Putting people and cargo onto the rails may be one way to reduce roadway air pollution, a key goal of the EU’s rail transport policy, but doing so creates another hazard for those living close to railways – noise.
The European Commission is due to present a recast of the 2002 Environmental Noise Directive this spring aimed at producing quieter living and working environments. Recent railway legislation has also sought to accelerate modernisation of transboundary rail services and infrastructure.
With more than 400,000 older, squeakier cargo wagons crisscrossing Europe, research shows that the noise they produce poses health risks.
A new French study says long-term exposure to railway noise can disturb sleep patterns, leading to reduced concentration levels that may not even be noticed by those in earshot of train lines.
“Overall, it seems that people permanently exposed to nocturnal railway noise suffer chronic daytime sleepiness objectified by detrimental effects on attention and daytime sleepiness even though they are not necessarily aware of these deficits,” says the study in the Journal of Environmental Psychology, whose authors included researchers from the University of Strasbourg and the state railway company SNCF.
Consistent noise over the long term, the researchers said, is “detrimental daytime functioning.”
Iron and steel
Most railway noise is caused by the contact between cast iron braking blocks and steel rails. Newer trains use alloys that reduce the tension and there has been success in using composite parts to retrofit older wagons.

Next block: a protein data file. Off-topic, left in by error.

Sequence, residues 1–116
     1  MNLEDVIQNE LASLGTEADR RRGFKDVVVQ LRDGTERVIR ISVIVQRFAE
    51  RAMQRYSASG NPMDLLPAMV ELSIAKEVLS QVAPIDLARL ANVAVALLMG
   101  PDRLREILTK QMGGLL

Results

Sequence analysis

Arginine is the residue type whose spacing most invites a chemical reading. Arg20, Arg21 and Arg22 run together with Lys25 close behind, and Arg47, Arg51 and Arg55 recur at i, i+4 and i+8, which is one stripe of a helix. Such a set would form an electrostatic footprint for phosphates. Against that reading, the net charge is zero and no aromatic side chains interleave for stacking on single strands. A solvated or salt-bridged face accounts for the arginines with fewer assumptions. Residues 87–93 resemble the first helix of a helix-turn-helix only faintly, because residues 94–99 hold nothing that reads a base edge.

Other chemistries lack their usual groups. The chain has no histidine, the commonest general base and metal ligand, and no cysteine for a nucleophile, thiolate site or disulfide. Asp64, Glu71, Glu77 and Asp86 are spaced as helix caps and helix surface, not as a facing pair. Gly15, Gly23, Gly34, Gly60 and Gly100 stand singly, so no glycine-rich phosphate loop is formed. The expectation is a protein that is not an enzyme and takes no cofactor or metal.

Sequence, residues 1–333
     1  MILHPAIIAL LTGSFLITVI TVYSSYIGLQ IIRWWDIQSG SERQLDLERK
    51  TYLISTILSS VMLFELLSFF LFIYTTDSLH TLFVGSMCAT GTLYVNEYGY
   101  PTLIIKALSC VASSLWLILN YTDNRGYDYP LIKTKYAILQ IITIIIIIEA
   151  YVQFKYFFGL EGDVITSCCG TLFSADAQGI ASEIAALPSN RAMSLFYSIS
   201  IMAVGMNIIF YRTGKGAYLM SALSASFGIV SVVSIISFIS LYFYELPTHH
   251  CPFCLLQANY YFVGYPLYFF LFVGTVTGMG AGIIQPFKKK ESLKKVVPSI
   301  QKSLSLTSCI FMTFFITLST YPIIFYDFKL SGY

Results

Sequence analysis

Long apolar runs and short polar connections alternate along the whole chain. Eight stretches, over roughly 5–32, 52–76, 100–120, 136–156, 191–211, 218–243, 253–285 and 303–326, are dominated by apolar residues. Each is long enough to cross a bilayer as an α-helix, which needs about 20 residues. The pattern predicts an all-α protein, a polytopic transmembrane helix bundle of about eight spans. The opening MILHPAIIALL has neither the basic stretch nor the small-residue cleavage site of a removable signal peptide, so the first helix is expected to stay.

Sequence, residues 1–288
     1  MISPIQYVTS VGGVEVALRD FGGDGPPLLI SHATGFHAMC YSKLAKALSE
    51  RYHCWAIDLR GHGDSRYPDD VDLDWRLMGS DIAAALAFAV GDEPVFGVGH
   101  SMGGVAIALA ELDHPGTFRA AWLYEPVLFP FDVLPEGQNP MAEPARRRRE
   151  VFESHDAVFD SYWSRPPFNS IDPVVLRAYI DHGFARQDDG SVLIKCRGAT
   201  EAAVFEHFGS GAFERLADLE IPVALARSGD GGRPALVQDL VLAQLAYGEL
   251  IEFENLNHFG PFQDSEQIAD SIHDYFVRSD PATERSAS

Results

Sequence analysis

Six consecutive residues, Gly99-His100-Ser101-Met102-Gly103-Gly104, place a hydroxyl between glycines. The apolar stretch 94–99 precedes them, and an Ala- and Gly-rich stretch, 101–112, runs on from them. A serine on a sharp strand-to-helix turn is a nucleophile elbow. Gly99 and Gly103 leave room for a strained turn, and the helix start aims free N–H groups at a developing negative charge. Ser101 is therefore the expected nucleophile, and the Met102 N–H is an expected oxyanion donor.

“That’s been a big challenge that has just been nailed,” said Matthew Ledbury, senior environment advisor for the Community of European Railway and Infrastructure Companies (CER), though he said funding for refitting old trains with quieter braking systems is “the big challenge.”
Other noise-reduction methods include noise absorbers on rails, sound barriers parallel to tracks, and improved insulation in homes along rail lines. A February study by the International Union of Railways (UIC) shows non-EU member Switzerland has been a leader in taking steps to control railway noise, followed by Germany and the Netherlands.
But retrofitting older wagons is seen is the most affordable method. Rail industry figures show that the nearly the entire stock of older freight wagons could be retrofitted with quieter braking technology for about the cost – up to €150-€200 million – spent annually on railway noise barriers.
Tests show that braking systems using composite material that can reduce braking noise levels by half, or 10 decibels, compared to the cast-iron variety. A normal human conversation is about 60 decibels.
“Retrofitting is most cost-effective if carried out during compulsory freight wagon inspection, which must be undertaken at least every six years,” said a 2007 UIC report.
Aircraft vs. trains
The Commission’s First Railway Package proposed measures to reduce infrastructure access charges to help encourage the switch to newer, quieter rail wagons. Its TEN-T transportation infrastructure package and Connecting Europe Facility also seek to encourage quieter transport. The December 2011 Airports 2030 package, meanwhile, urges airlines to phase out older, noisier airplanes.
Aircraft noise continues to be a main source of political angst, and many EU airports restrict night landings. Estimates show that a mid-range aircraft on flight approach produces 90 decibels, while a cargo train at 15 meters is slightly quieter.
But last year, researchers at the Institute of Aerospace Medicine in Cologne showed that trains may be more disruptive to humans.
“Nocturnal freight train noise exposure in Germany was associated with increased awakening probabilities exceeding those for aircraft noise and contrasting the findings of many annoyance surveys and annoyance ratings of our study. During night time a bonus for railway noise seems not appropriate,” the German researchers said.